Weather

National Weather Service all hazards alert radios

Every family, and many businesses, should have a National Weather Service (NWS) all hazard alert radio. The NWS not only provides current weather conditions and forecasts, they also transmit all hazard alerts for a wide area. These alerts are not all weather related: such as "shelter in place", "radiation hazard", "civil emergency message", "evacuation immediate", "911 telephone outage" or "child abduction emergency". All hazard alert radios can be programmed for only one county.

The "Specific Area Message Encoding" ( SAME ) is a 6 digit code: ABCDEF. A = in most cases 0, it can be used to sub-divide a county into zones ( 1 - 9 ) otherwise zero for the entire county, BC = state number; DEF = county number. Example: Clay county Missouri 0 29 047 / 0 = entire county / 29 = Missouri state code/ 047 = Clay county code.

If a hazard affects a larger area or region, then all the affected counties will be individually triggered by the alert signal. Most NWS radios can be programmed for multiple counties.

The National Weather Service has seven radio channels, frequency modulated (FM) voice and data:

162.400, 162.425, 162.450, 162.475, 162.500, 162,525, and 162.550.

National Weather Service station coverage and "SAME" codes can be obtained a the NOAA web site.

High and Low Pressure Forecast

H = High pressure (trade winds, nice cool air, blue sky, sunshine and good weather)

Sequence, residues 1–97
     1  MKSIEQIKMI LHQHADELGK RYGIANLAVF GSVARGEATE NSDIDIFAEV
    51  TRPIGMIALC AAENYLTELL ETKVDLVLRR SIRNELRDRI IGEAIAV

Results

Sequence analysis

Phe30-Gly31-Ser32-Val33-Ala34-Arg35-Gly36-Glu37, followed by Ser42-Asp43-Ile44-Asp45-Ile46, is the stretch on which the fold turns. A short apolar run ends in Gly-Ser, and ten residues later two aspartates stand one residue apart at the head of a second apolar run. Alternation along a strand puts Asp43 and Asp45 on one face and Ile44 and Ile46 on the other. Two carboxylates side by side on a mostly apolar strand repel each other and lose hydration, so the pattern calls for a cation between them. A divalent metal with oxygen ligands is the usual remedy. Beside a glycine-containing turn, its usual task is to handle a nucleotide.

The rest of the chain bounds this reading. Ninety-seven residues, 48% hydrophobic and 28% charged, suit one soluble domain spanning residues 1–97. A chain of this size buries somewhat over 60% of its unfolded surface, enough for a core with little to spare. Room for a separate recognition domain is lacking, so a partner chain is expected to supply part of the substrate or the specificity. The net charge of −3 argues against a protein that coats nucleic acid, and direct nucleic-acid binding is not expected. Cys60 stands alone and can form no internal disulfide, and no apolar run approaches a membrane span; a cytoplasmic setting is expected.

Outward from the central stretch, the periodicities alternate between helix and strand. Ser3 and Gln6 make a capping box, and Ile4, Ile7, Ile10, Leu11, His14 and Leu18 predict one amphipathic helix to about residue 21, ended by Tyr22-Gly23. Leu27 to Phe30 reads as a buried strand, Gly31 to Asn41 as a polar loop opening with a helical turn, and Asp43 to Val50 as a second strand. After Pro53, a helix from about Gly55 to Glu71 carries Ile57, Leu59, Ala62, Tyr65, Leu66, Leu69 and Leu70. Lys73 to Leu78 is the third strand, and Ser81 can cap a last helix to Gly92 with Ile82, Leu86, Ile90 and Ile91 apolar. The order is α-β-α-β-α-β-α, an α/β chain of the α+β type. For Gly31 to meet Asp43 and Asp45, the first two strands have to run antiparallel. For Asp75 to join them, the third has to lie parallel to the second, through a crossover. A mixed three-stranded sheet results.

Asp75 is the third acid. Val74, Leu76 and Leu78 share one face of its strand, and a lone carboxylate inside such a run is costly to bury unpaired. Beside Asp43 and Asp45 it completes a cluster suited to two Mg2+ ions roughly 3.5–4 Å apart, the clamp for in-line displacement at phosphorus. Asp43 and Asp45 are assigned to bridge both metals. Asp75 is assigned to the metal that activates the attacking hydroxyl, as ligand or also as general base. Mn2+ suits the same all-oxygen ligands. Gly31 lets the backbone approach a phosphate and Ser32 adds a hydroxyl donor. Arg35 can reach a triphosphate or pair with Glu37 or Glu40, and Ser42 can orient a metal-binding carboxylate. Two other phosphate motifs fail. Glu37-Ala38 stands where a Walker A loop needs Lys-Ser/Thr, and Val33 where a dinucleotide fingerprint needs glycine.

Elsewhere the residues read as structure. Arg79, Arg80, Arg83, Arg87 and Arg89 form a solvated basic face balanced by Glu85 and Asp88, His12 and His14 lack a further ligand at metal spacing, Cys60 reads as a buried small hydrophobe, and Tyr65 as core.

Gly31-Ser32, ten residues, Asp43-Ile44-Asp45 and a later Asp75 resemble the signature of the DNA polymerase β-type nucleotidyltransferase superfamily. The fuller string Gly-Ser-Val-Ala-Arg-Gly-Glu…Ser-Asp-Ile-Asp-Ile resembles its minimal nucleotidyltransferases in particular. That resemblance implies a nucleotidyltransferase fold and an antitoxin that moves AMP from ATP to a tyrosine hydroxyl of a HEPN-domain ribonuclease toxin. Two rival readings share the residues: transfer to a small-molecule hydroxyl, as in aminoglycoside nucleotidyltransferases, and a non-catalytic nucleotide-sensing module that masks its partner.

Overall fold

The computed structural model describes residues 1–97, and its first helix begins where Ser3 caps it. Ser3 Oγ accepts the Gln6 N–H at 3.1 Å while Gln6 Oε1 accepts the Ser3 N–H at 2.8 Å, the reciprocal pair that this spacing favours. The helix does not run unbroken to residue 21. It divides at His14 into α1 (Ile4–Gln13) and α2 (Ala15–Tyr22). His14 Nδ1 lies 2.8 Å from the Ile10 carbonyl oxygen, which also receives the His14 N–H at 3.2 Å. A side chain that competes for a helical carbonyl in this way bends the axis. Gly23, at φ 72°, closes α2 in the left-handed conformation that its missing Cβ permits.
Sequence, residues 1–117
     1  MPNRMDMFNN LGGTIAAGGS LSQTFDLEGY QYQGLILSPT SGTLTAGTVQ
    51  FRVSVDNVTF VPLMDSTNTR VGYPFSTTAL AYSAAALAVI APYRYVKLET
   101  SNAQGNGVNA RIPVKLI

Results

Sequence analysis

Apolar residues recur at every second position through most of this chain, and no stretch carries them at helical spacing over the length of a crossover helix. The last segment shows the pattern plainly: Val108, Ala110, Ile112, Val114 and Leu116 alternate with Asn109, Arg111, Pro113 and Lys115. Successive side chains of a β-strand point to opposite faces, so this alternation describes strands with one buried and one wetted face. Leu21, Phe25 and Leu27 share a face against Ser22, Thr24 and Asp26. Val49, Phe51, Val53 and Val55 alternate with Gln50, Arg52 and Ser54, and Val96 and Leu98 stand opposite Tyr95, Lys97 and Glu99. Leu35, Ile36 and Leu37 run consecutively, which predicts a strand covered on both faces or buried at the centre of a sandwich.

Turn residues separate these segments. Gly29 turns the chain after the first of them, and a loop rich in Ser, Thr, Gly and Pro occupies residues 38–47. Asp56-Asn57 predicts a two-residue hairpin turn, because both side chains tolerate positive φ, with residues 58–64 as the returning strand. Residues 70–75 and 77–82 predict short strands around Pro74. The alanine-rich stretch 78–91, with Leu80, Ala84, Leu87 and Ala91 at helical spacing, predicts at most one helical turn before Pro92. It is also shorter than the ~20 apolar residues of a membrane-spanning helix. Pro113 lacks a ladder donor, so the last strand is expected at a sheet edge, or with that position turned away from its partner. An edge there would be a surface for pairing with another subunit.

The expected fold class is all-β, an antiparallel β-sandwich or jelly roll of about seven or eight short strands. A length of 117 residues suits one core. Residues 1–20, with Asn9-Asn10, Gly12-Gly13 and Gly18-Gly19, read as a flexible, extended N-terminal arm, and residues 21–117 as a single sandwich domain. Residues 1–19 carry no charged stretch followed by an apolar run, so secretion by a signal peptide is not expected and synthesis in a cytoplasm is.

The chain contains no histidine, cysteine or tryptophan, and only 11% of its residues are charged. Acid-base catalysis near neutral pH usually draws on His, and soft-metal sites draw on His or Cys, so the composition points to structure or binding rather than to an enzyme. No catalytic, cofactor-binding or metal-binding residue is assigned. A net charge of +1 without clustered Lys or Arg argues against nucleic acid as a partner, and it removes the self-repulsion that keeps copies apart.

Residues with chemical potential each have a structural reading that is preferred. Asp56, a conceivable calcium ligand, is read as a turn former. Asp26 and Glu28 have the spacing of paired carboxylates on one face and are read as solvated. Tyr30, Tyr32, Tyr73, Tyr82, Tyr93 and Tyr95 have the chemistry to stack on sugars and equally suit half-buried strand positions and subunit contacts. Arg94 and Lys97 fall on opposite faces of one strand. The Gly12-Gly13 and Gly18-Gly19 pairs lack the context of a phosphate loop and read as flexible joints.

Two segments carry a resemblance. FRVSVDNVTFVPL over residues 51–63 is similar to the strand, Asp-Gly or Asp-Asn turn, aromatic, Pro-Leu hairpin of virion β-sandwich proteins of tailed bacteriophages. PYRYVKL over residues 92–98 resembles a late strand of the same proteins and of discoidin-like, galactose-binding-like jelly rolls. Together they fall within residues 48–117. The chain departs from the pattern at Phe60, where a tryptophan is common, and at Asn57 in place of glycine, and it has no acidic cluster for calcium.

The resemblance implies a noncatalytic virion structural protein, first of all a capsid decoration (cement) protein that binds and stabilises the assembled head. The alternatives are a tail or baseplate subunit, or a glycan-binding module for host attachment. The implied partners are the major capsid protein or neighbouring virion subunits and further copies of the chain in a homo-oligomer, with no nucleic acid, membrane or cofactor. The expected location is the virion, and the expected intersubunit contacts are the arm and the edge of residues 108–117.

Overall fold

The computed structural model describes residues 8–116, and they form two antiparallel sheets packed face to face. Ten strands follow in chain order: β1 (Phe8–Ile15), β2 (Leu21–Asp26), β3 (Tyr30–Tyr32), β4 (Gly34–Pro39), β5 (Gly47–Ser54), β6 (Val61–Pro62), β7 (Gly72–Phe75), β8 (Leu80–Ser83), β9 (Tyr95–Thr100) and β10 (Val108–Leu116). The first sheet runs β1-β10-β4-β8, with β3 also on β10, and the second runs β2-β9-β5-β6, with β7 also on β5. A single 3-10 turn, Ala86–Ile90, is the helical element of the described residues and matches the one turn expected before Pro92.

L = Low pressure (warm humid air that brings cloudy sky and rain showers)


General Information

-High Pressure:

Clear Skies

Light Winds

Settled Weather

Isobars are quite far apart

Travel clockwise in Northern Hemisphere

-Low Pressure:

Strong Winds

Heavy Rains

Unsettled Weather

Isobars are close together

Travel counter clockwise in southern Hemisphere

-Cold Front: Blue Line with triangle on it

-Warm Front: Red Line with half circles on it

-Occludded Front: Purple Lines with triangles & half circles on it Occurs when a cold front catches up to see warm front Clouds & Rainfall

-Weakening Warm front: Red half circles & triangles separated by an X A front that is starting to dissipate Cloud & Rainfall start to disappear

-Trough: Thick black line Increasing cloud cover & increase chance of rain

A long area of low surface pressure

-Average Sea Level pressure is 1013 MB.

Below 1013 is low pressure & above is high pressure

Hurricane, Typhoon and Cyclone Storms

Category 1 winds 74-95 mph surge 3-5 feet

Category 2 winds 96-110 mph surge 6-8 feet

Category 3 winds 111-130 mph surge 9-12 feet

Category 4 winds 131-155 mph surge 13-18 feet

Category 5 winds 155+ mph surge 19 feet or higher